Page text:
Who should be ruling us and by what right should anyone claim to be an expert in governing, or steering the ship of state? What Dominic Cummings said before the joint commons select committees last month is, once you strip away the emotion and impact, a plain tale as old as the hills.
What practical experience do those who profess to be experts in politics actually have? It’s what Socrates first asked of the elite of Athens and forms the foundation of Western political philosophical enquiry. Socrates’ trap was to start off with a barrage of simple and self-evident questions. If you want to be an expert in the art of shoemaking, you’d study the art of making shoes, right? You’d need a working knowledge of what to do with leather and all that, sure? And moving on, then would come an inquisition as to by what right or skills do self-professed city politicians come to wield power. Was the study and practice of politics a skill anyone could acquire, like shoemaking? Or is it really fair to say you can train to bluff and get away with it by being taught by professional rhetoricians how to be good with fancy words and making weaker arguments prevail against stronger ones in the public forum?
That’s the gist of it more or less for the past two and a half thousand millennia. Clearly Cummings would like some benevolent, wise and all powerful guardian figure, versed in data-science, super-forecasting and the rest of it, to save the nation from sinking under the inevitable weight of technological, environmental, social and health challenges. That such a person is unlikely to scale the greasy pole to be electable to high office suggests democracy will prevail over enlightened dictatorship, as long as our political system remains more or less intact.
Now Cummings’ prediction that a ‘hard rain’s a-gonna fall’ on an unreformable Whitehall machine was ambitiously unattainable. Aside from some senior personnel changes, the project was comprehensively finished off by the pandemic. His analysis of its systemic failures of leadership remains acute and charged, but instead he was, in the language of Bob Dylan song titles, tangled up in blue and left on desolation row.
Although his Dom bomb salvoes at how Whitehall buckled at a time of crisis are a longshot for engineering a radical change in how central Government is structured and operates, there is perhaps an opening for local government and the local state, whose importance and role was so catastrophically ignored during the crisis weeks, to seize hold of.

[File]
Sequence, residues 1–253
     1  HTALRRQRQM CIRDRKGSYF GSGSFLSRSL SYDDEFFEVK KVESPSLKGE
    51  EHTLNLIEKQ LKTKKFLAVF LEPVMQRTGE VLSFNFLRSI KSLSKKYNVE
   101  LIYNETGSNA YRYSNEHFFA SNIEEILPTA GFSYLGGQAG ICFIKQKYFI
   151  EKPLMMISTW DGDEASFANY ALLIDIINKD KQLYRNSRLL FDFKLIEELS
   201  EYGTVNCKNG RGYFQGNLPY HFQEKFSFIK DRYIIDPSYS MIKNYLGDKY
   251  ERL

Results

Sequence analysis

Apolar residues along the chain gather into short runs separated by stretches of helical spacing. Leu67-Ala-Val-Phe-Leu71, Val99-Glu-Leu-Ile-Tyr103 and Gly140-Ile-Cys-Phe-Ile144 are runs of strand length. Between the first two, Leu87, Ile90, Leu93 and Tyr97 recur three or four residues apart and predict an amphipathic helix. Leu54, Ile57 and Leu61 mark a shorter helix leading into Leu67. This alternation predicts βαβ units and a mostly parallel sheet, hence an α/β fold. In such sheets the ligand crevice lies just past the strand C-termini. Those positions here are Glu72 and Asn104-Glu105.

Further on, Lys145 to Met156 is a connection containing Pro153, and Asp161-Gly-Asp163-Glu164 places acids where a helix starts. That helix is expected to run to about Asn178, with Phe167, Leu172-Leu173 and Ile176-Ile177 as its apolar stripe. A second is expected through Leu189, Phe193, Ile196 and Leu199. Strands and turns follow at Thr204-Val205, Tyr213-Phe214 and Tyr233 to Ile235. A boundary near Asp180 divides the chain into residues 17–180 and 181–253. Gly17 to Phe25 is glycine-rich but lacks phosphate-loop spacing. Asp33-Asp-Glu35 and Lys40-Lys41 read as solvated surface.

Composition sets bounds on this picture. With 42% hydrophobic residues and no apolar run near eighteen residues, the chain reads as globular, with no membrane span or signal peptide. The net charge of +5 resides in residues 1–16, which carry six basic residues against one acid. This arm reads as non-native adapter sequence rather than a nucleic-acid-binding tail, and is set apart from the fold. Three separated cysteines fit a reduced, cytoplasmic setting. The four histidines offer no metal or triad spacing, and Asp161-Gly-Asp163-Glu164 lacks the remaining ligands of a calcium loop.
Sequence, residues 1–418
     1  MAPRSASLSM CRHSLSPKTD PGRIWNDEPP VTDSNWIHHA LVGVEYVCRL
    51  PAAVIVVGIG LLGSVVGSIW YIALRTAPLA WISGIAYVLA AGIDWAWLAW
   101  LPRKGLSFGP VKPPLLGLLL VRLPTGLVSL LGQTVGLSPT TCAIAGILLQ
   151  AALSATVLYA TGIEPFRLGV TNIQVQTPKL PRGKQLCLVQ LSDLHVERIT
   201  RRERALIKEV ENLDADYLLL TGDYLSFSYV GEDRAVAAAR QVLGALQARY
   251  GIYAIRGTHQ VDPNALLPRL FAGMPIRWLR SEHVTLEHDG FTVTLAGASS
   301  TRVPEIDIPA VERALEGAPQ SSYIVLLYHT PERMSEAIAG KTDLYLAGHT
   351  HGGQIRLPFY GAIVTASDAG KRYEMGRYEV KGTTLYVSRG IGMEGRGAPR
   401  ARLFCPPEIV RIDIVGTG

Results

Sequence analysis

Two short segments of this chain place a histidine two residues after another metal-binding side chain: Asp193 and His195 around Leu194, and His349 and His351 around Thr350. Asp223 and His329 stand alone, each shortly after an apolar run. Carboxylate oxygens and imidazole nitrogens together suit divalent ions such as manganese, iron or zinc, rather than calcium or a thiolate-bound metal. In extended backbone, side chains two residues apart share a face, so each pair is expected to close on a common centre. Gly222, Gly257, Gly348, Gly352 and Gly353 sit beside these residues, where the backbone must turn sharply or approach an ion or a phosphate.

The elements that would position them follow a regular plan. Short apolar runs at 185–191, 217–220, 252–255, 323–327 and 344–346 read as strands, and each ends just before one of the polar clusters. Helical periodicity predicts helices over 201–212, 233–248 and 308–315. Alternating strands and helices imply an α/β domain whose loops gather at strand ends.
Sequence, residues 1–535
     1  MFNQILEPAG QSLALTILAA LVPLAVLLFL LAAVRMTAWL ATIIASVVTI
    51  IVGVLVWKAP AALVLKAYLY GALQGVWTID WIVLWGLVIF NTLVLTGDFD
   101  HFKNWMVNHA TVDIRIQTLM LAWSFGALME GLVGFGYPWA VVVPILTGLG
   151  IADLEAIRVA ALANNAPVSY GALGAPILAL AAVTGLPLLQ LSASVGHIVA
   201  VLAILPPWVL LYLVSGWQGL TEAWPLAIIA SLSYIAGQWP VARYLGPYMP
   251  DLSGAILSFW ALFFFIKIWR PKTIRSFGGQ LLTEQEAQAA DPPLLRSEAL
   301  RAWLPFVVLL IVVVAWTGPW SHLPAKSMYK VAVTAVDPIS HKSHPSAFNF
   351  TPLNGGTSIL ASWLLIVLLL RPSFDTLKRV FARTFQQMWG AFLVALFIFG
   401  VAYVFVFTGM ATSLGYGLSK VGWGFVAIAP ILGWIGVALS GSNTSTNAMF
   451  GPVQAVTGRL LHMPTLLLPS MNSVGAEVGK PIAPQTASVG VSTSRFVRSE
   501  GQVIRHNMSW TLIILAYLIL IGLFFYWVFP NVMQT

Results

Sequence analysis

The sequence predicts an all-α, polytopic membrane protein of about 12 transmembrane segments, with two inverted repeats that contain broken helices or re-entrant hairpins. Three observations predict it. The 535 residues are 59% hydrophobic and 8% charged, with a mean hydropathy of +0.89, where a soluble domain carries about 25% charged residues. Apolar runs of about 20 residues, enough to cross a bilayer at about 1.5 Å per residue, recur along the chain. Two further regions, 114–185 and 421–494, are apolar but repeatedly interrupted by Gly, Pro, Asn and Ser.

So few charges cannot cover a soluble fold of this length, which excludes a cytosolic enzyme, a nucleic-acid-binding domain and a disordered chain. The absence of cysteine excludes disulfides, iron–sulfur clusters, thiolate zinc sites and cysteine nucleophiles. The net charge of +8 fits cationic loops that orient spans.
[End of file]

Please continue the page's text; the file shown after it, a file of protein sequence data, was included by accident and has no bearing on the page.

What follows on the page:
Cummings is a critic of the sticking plaster ‘something measurable must be done’ approach to failures of leadership and consequent delivery. In his mind the brand of ‘deliverology’ as practiced by Michael Barber allows a low-functioning Whitehall machine to focus the energy and determination of the central state on two or three simple and addressable national problems and achieve adequate results. This leaves precious little bandwidth to face down future challenges, threats and opportunities such as automation, drone and cyber warfare and artificial intelligence.
Within local government, as also in many areas of public service life, we are blessed with cadres of dynamic and capable people who deliver on the ground with less financial and staffing resources than central Government.
You could posit that in lieu of pipe dreams of upending and radically overhauling an inert civil service, whose meritocratic principles now result in lower social mobility among its upper echelons than was the case in the 1960s, there’s a trade to be done. Instead of bluffing and wheezing mediocre public outcomes from the centre, might a more sustainable path be to let local leaders of place simply get on with it, and absorb as much of the deliverology as they can be incentivised and resourced to take care of?
Jonathan Werran is chief executive of Localis
This article first appeared in The MJ on 8 June 2021